Some of such platforms include the Binance cryptocurrency exchange, NairaEx, Patricia Exchange, Luno wallet, Crypto.com, Trust Wallet, Exodus Wallet, and much more.

    That said, the best platforms depend on various parameters that are individual to each trader. 

    For example, you would need to consider the trading fees of each crypto platform, the number of available assets, staking rewards, available crypto tax report tools, local payment methods supported, and regulations. 

    In February 2021 the government of former President Muhammadu Buhari banned commercial banks in Nigeria from engaging in any cryptocurrency transactions. 

    However, there is no law expressly banning the use of cryptocurrency in Nigeria.

    Since the 2021 ban on commercial banks from facilitating cryptocurrency transactions, Nigerian crypto traders have had to find other names for converting their cryptocurrency to cash. 

    Some of such methods include exchanging cryptocurrency for gift cards and then selling those gift cards for the Nigerian naira or selling cryptocurrency on peer-to-peer platforms that allow traders to transact with each other.

    Platforms used for such transactions include CoinCola and Binance P2P.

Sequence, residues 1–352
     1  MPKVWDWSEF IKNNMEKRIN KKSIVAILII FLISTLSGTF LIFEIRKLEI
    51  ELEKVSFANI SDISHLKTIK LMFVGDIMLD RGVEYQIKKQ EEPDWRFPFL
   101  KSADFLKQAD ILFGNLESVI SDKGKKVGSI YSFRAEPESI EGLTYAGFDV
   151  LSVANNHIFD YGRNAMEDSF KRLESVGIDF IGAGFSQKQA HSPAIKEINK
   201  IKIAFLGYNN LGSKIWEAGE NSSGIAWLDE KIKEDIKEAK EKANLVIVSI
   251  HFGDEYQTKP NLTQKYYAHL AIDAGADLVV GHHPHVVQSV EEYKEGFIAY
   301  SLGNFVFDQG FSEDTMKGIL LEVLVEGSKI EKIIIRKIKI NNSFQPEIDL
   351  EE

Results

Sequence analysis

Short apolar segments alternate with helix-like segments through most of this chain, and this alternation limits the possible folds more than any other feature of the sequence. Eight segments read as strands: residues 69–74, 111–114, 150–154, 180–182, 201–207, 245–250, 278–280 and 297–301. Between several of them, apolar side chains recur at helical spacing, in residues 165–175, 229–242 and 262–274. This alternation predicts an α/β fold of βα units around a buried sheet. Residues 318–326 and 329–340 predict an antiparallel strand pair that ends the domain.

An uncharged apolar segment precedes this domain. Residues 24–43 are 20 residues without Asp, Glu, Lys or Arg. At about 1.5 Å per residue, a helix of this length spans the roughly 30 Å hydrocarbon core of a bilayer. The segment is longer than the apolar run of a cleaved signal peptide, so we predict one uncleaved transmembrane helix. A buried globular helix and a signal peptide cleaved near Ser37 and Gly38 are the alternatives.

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    Skrumble.com provides all its content for informational purposes only, and this should not be taken as financial advice to buy, trade, or sell any investment instruments or products, including but not limited to cryptocurrencies, or use any specific exchange. Please do not use this website as investment advice, financial advice, or legal advice, and each individual’s needs may vary from that of the author. Investing in financial instruments, including cryptocurrencies, carries a high risk and is not suitable for all investors. It is possible to lose the entire initial investment, so do not invest what you cannot afford to lose. We strongly advise conducting your own research before making any investment decisions. This post includes affiliate links with our partners who may compensate us.